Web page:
That line got me hooked and as I continued to read, the article addressed how there were moves to disconnect the burned out masses - “tech fasts”, “retreats”, “unplug” - to “loosen our grip on technology”.  As Director of Academic Technology in a 1:1 school that openly fosters healthy and open conversations about technology for learning, I wondered, “What is happening to our children’s wiring if they are constantly connected?” and “Where do we, as educators, get the balance?”  I grabbed an old school pen and started to annotate the article with these and all the questions that it brought to my mind!  Head of School, Mike Mersky would have been proud!
We’ve tinkered with these questions and ideas here in Saint Edward’s School.  Mrs. Kennedy has her English students give up their phone (and social media) for a week (including a weekend) as a kind of social experiment.  She uses Project Zero Visible Thinking strategies to enable students to collaboratively reflect on the experience and evaluate their engagement with this technology.  The aim is to gain an understanding of their habits and lifestyle choices.  Incidentally, this has also led to reflections from parents as to how they communicate with their 21st century digital natives!
During Spring Break, Dr. Monaghan takes a group of students to the heart of Yellowstone National Park to observe wolf packs.  Phones are turned in at the start of the trip as they really are a useless appendage in a part of the world that is delightfully devoid of wifi connectivity.  In our library, Mrs. Feliciano has observed the trend and will trial the opening of a “Phone Box” to dial down the device distraction and invite our students to make the decision to divorce themselves from their personal smartphone when they need to be more focused in the library, collaborative, quiet and silent spaces.  
Even beyond the four walls of our school, we are, more and more, seeking strategies to put down the device - with many small business cafes, like Kibbitznest in Chicago (boasting “Books, Brews and Blarney”) ditching their wifi connections and even going so far as banning the swathe of the ethereal laptop glow that meets us when we frequent many chain coffee shops as many of the 21st Century workforces navigate their day to day work.  It harkens back to the coffee shops of my teens - where we met with friends, hung out and talked “blarney”.  I’m glad to see that this most Irish of ideas is very much still alive in Chicago today!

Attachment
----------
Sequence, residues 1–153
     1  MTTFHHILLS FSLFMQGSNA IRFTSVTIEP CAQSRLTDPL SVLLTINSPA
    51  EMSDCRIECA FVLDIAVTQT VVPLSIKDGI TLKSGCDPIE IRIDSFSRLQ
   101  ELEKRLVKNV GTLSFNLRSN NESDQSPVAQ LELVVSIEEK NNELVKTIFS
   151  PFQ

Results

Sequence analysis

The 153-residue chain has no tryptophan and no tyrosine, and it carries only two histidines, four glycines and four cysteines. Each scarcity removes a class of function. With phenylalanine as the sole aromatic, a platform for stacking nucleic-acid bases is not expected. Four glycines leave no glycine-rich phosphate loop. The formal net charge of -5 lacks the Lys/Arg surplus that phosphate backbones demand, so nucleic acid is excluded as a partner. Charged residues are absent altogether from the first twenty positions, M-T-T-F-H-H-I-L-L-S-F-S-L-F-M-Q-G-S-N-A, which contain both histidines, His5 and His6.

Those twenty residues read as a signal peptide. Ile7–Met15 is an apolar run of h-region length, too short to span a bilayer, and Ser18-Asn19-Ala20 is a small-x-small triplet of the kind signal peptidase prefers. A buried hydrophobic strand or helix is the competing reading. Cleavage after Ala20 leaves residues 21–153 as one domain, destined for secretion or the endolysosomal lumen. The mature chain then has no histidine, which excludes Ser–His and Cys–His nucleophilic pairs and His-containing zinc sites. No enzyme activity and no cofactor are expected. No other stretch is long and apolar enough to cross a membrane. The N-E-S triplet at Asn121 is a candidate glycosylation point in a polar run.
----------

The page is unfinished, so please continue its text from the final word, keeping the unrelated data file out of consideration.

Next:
So as Spring Break approaches, I have a challenge for our parents, students, faculty, staff.  Make Spring Break 2017 a “Screen Break”.  Yes, I know you will be traveling to all sorts of exotic places and doing amazing things that you just have to post for all your friends to see instantly - because it can’t wait! (Note...it can and it should!)  Yes, I know that being disconnected from all your friends just in case you miss something strikes fear into your hearts.  But think about what you are missing when your face is buried in that little screen as the car whizzes down that winding, country road or as the aircraft majestically lifts into the air during take-off. The faces and expressions of the people that you meet, the sounds, the smells, the feelings that full immersion in a life evokes.  I could write a list of strategies to help you put the device down - but the only strategy that matters is that you want to put it down.  You want to experience life.  You want to disconnect - because when we do, we reconnect with life in all it’s delicious wonder!  


Works Cited
"BBC - Capital - Some Cafes Are Banning Wi-fi to Encourage Conversation." BBC News. BBC.                          Web. 28 Feb. 2017.
"Home." Kibbitznest
                       Web. 28 Feb. 2017.
Smith, Aaron. "Record Shares of Americans Now Own Smartphones, Have Home Broadband." Pew Research Center. 12 Jan. 2017. 
                        Web. 28 Feb. 2017.
 
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Saint Edward's School

1895 Saint Edward's Drive
Vero Beach, Florida 32963
Phone:  (772) 231-4136